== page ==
Even though statewide targets for renewable energy are frozen, LEEDCo plans to install a pilot wind project of nine turbines, called Icebreaker, in 2017.
Jobs—Green or Not?
Meanwhile, the only mention of climate in Gov. Kasich's 2014 State of the State address involved a "business" or "jobs-friendly" one. Instead, his focus has been on Ohio's economy—and a TV spot produced for his re-election campaign states that he has created 250,000 new jobs.
Advocates of green technology say Kasich's emphasis on jobs should give the governor further reason to support it. In 2010, Ohio had 105,000 out of the 2.7 million green jobs in the U.S. By contrast, the coal industry employs 2 million Americans, but only 33,000 are Ohioans, according to the Ohio Coal Association.
These green businesses are growing at a rate that far outpaces the state's economy—green technology expanded by 3 percent from 2007-10 while the state's economy lost 419,300 jobs over that same period.
Kasich signed the state budget within a week of rolling back renewable energy targets; in doing so, he also approved a rule change that further impacted Ohio's wind farms. The new rule says that wind turbines must stand at least 1,300 feet from the nearest property line. Previously, the requirement measured to the nearest house. The American Wind Energy Association issued a press release saying Kasich was "abandoning $2.5 billion in current wind energy projects" by making this change.
The state's wind industry is the fourth largest in the nation, providing jobs for more than 7,500 Ohioans in 2011. Those jobs are primarily in manufacturing, at 60 facilities throughout the state where wind turbines are built. NorTech estimates that installing wind turbines in Lake Erie could create at least 600 more jobs.
Kasich has said he supports the wind industry and that these provisions will simply protect property owners from hazards such as noise, shadows or falling ice, according to the Cleveland Plain Dealer. His staff did not respond to an email and phone request for an interview.
Kasich has occasionally supported environmental efforts that align with his priorities. He expanded energy efficiency mandates to include credit for combined heat and power systems that make use of waste heat produced when generating electricity. Hagstrand says the state has also contributed to the growth of green technology through the Third Frontier program, a $1.6 billion initiative that has supported fuel cells, photovoltaics, wind power, batteries and biomass.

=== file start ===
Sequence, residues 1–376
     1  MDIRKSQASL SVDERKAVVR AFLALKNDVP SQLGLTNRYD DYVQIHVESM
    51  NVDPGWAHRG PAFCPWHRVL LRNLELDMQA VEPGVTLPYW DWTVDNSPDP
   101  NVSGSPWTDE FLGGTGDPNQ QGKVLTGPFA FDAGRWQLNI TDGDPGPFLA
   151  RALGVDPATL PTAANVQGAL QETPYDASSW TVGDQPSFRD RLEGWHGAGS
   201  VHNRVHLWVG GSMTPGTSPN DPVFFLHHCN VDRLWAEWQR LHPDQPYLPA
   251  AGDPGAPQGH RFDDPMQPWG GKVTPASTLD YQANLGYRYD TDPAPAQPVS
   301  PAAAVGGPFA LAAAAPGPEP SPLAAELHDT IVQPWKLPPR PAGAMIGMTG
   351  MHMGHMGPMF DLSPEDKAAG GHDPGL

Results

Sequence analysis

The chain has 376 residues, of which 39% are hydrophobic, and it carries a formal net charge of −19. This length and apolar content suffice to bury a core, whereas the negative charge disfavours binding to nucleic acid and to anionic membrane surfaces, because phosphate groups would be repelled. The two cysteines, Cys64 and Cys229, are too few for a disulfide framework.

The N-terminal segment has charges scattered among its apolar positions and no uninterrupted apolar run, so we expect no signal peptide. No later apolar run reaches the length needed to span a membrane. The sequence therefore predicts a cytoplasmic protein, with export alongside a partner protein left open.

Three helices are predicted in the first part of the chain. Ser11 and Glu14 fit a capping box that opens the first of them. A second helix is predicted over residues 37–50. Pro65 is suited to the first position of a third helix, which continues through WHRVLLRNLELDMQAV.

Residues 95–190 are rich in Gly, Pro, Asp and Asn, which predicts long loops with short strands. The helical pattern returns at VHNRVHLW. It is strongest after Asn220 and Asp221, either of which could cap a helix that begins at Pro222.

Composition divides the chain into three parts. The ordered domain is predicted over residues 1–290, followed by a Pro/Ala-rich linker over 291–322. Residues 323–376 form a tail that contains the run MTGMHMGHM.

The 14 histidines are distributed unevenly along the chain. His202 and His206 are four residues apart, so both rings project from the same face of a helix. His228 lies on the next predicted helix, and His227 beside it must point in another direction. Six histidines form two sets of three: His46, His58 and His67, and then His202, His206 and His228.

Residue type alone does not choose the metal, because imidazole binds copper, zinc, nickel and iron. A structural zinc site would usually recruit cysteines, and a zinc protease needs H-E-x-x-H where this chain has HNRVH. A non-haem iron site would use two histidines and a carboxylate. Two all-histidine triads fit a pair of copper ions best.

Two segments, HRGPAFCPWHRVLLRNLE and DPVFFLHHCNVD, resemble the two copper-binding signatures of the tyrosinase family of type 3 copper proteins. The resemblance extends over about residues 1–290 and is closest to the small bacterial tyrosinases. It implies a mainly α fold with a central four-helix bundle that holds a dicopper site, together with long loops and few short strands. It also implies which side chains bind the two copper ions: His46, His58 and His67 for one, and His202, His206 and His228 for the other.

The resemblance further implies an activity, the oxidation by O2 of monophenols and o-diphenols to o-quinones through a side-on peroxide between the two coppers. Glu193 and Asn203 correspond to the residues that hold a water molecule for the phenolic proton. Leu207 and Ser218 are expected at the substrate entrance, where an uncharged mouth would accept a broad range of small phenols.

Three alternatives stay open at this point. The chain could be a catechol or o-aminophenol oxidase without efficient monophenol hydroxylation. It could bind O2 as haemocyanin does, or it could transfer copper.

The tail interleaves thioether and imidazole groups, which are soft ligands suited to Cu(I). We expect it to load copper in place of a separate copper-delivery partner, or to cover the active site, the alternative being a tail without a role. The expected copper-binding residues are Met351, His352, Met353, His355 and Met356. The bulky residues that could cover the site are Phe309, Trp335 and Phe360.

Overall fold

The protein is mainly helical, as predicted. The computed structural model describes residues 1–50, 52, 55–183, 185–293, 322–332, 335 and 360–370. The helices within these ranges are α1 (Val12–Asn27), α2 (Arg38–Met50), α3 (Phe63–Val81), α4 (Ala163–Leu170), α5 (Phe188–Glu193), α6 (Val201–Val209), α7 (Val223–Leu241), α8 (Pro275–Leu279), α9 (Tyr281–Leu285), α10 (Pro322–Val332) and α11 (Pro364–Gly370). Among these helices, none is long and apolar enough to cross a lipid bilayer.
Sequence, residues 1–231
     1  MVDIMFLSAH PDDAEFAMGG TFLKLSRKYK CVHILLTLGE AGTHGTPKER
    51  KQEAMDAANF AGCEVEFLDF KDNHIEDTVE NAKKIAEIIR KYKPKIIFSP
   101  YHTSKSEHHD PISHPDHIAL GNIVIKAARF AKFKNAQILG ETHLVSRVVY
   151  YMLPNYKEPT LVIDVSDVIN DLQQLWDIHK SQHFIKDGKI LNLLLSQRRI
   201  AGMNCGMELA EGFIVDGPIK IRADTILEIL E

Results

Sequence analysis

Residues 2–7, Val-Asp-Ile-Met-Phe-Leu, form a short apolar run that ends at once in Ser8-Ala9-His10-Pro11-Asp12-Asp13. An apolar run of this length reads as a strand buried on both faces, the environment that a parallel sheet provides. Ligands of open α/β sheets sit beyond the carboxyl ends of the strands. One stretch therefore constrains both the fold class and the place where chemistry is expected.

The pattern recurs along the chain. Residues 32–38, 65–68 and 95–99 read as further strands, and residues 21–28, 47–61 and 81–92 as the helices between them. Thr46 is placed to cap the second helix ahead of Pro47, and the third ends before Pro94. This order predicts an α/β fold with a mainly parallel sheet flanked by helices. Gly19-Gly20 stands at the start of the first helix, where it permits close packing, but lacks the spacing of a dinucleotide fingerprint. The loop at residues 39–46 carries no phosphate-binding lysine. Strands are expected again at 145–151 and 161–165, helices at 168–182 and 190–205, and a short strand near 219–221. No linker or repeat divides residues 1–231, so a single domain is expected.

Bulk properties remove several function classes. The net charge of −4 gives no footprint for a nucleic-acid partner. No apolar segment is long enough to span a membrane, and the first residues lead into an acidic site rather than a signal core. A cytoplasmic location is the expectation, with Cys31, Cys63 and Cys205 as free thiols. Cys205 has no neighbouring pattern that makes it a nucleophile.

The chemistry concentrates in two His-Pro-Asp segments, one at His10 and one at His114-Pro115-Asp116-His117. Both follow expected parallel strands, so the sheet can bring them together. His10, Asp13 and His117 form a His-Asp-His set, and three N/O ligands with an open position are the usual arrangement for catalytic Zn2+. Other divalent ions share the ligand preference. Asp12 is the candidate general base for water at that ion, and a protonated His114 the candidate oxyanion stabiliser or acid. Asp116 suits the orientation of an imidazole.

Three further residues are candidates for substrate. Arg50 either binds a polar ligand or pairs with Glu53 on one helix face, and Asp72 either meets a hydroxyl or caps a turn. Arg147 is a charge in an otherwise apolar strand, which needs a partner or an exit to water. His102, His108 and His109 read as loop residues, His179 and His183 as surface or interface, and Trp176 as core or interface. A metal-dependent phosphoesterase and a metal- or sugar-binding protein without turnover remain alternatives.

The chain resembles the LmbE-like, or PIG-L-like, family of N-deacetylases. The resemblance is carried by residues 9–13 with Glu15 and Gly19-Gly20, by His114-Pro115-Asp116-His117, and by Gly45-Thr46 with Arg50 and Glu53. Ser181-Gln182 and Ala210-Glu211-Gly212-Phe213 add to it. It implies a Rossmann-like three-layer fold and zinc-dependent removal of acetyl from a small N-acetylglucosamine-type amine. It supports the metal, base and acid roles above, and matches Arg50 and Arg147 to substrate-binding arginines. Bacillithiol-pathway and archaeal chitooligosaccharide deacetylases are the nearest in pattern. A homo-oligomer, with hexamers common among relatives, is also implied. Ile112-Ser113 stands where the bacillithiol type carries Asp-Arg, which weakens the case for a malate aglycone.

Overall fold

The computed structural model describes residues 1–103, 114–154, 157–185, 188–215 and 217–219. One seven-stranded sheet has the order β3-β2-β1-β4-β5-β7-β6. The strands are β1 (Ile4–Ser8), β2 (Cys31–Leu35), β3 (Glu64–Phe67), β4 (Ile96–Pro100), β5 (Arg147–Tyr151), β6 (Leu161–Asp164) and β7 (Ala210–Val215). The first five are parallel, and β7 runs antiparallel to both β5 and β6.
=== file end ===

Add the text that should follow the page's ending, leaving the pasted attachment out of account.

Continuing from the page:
More political support from Kasich and his fellow Republicans, who enjoy a comfortable majority in the state's General Assembly, has gone to traditional energy industries: oil, gas and coal. Last year, the number of oil and gas wells in the state increased from 95 to 342.
Recently, LEEDCo collected 8,000 "power pledges" from residents who vowed to purchase power from the future wind farm. A similar program from Mayor Jackson's sustainability office gave residents the option to buy 100 percent renewable energy or to opt out—and only 50 out of 65,000 chose to stay on coal, even though it was slightly less expensive.
"We're finding that people are willing to pay a small premium for renewable energy and that they want to do the right thing as long as we can make it accessible and affordable to them," says Jenita McGowan, the director of sustainability in the mayor's office.
If NorTech and other civic leaders were right about the great potential of green technology, their investment could be a boon to the region for decades to come. "We were in a place that, probably more than others, needed solutions," says Kondilas, the lifelong resident. "And the sustainability movement was very quick to try and create solutions that would be long-term."